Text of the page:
Travertine is a form of limestone often confused with marble. It is a natural stone formed from mineral layers in limestone caves or hot springs. It forms on land areas instead of underwater, and the mineral layers result from pressure and heat from the earth. Travertine, when used for flooring or countertop surfaces, is smoothed and polished to many types of finishes to enhance its look and durability. The stone has particular impurities that make it useful for both interior and exterior applications.
Travertine Features, Color, and Usage
Homeowners often use travertine for floor tiles, countertops, backsplashes, fireplaces, and wall cladding. We also often see it used in kitchens and bathrooms. Color availability options include gold, walnut, ivory, and beige. Its natural color tones derive from organic properties found in its minerals. It can feature a polished shine, tumbled, matte hone finish, and for textured surfaces, it may be brushed. These options determine the type of texture or gloss the stone will have based on use. It has a similar feel and touch as marble but has a more natural presentation while reflecting less light.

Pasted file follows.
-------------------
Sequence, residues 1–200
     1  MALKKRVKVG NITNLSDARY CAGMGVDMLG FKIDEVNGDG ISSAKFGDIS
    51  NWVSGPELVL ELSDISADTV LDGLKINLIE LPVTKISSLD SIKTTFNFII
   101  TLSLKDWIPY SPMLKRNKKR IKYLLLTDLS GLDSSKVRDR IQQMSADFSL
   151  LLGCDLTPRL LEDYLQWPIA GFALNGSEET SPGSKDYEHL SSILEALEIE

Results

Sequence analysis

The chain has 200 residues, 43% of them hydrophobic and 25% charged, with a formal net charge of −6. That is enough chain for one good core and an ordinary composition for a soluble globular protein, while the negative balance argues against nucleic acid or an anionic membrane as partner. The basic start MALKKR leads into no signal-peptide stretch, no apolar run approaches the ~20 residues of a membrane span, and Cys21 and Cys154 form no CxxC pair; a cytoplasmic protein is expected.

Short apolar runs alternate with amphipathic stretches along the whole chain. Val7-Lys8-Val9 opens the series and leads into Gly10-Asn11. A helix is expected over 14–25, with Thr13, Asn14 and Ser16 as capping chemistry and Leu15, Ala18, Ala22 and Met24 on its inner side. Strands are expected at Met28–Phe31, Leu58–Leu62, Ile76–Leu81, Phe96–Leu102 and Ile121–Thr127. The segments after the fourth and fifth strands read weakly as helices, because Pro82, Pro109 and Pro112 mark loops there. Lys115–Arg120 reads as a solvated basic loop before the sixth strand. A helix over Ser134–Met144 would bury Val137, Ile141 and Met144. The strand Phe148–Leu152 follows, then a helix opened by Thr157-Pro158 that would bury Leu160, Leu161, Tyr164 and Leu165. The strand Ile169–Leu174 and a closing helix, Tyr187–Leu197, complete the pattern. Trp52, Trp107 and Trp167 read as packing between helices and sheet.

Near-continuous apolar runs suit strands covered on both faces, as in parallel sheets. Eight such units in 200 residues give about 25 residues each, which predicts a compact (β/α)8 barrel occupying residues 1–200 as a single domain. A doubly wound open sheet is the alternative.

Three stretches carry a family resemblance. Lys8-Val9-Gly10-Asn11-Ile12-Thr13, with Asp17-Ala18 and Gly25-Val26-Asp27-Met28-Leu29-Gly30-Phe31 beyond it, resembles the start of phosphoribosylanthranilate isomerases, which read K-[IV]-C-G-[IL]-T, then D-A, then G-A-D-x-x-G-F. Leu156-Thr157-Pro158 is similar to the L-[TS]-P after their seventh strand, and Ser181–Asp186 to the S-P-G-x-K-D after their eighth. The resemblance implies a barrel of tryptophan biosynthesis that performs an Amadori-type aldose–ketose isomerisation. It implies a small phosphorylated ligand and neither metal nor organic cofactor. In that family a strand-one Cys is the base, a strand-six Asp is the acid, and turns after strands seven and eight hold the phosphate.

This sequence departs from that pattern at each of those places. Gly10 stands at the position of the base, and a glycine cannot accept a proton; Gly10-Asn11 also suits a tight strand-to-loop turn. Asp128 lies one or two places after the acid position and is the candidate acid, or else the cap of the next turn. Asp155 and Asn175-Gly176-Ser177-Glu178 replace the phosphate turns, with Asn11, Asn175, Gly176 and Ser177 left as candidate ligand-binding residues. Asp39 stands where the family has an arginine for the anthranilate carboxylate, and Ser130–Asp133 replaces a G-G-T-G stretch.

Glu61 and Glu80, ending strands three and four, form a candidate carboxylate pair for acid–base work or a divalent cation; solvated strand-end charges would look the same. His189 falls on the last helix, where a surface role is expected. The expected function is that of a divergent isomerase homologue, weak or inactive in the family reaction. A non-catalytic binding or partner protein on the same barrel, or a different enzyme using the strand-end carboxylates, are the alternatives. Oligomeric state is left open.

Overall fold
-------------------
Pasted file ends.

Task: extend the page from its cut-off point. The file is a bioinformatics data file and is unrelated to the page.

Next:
It is a popular stone to use for kitchen and bathroom projects because it offers a calm, natural appeal that complements other natural tones such as wood and modern designs. Property owners will find travertine durable and long-lasting with proper maintenance. As a soft stone with absorbent properties, a few coats of sealant prevent the stone from absorbing debris and stains. The sealant can be applied annually or whenever needed.
Additional Things to Know About Travertine
When making decisions to buy travertine, consider it’s intended location and use. The cost of travertine varies depending on the cut, quality, and square footage. It is affordable to purchase but quite heavy to move. Travertine has unique durability; we can still find ancient ruins made of travertine in existence today. Consider surface protection options; some stains may leave a mark, and certain chemicals will cause erosion and pitting. A quality sealant is necessary to prevent scratches and stains. A professional installer will provide additional guidance for maintenance and long-term care.